The following is a copy of our press release on the matter.
IRS says it’s closing its audit of pastor’s sermon encouraging church attendees not to vote for Obama in 2008 presidential election though it leaves the door open to further inquiry.
MINNEAPOLIS – Tom Prichard, President of the Minnesota Family Council, said today the IRS backed down from enforcing its regulation prohibiting pastors from expressly endorsing or opposing political candidates from the pulpit, yet seeks to maintain a cloud of uncertainty for pastors opposing or supporting political candidates from the pulpit. The case involves Warroad, MN, Pastor Gus Booth.
“This looks like a clear case of intimidation. The IRS is refusing to enforce its regulation prohibiting pastor endorsement of or opposition to political candidates from the pulpit yet leaves the door open to future enforcement of its controversial regulation. It looks like a classic David versus Goliath confrontation. However, in this instance Goliath, while unwilling to fight, wants to intimidate pastors into silence by maintaining uncertainty in the law,” said Prichard.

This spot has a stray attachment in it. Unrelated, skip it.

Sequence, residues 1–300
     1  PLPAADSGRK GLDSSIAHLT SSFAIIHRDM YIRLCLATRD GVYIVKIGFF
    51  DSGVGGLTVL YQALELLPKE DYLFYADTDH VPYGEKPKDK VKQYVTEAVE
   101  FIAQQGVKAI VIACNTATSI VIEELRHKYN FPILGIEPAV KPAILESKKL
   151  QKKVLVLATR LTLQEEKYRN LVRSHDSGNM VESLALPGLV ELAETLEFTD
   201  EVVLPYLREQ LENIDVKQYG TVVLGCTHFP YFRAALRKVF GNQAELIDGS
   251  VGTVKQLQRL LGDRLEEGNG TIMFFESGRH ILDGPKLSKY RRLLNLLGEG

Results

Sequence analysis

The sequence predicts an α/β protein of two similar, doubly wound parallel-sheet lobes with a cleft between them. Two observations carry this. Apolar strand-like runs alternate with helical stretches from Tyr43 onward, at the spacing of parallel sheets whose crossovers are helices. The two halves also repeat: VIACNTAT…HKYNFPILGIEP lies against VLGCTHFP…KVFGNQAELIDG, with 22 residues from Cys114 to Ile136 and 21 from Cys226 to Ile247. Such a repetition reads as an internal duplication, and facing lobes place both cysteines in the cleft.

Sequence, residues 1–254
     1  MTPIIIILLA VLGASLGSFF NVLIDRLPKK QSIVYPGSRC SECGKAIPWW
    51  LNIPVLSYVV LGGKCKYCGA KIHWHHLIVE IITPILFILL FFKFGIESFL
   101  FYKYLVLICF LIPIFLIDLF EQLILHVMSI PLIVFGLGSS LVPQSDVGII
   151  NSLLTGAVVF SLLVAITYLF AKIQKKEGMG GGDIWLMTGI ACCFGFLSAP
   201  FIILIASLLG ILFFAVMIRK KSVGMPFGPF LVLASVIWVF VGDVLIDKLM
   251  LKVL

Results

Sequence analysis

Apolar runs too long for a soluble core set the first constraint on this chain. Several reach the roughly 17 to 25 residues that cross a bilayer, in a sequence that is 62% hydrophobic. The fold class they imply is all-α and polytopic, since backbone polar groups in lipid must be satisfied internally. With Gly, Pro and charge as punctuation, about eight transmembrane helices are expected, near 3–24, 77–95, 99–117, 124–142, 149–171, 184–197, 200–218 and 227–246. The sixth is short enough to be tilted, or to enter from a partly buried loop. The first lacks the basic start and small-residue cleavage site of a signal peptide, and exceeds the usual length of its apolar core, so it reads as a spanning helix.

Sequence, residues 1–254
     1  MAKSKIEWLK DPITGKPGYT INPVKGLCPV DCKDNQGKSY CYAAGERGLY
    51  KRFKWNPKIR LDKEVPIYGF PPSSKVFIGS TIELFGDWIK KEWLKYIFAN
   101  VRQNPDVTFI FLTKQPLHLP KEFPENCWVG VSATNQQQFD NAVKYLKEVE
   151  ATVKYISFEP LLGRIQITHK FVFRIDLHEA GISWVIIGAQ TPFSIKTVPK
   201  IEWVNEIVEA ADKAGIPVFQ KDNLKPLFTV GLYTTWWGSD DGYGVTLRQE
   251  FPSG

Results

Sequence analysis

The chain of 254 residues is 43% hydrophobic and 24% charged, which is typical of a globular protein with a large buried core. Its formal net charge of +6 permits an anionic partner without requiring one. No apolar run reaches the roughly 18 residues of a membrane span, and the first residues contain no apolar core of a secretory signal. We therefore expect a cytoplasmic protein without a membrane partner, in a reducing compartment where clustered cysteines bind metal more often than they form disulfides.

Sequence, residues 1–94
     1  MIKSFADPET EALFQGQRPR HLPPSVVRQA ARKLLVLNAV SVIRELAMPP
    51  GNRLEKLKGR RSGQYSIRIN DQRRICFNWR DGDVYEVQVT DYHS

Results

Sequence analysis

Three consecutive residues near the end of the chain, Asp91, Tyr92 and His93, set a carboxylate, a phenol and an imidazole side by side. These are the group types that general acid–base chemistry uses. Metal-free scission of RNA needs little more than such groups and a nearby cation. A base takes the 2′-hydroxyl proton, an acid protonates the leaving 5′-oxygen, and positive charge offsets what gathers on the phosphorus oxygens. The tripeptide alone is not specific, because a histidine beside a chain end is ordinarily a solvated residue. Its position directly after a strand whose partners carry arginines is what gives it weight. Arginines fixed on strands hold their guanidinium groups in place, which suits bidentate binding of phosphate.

The pastor, Gus Booth from Warroad, MN, delivered a sermon from his church’s pulpit on September 28, 2008, encouraging those in attendance not to vote for then candidate Barack Obama because of his pro-abortion positions. Booth then sent his sermon to the IRS. Pastor Booth was participating in the Alliance Defense Fund’s “Pulpit Freedom” Sunday initiative which encouraged pastor’s to challenge the IRS regulation that prohibits pastors from explicitly supporting or opposing political candidates from the pulpit.
The IRS said it was closing the examination of Booth’s case, though it left the door open to future consideration. See http://www.telladf.org/UserDocs/IRSletterClosingFile.pdf for a copy of the IRS’ letter to Pastor Booth.
"Pastors should be free to speak or not to speak in opposition to or support of political candidates according to the dictates of their consciences. They shouldn't have their free speech rights, guaranteed under the U.S. Constitution, undermined by the IRS. Yet that appears to be what the IRS is trying to do in this instance," concluded Prichard.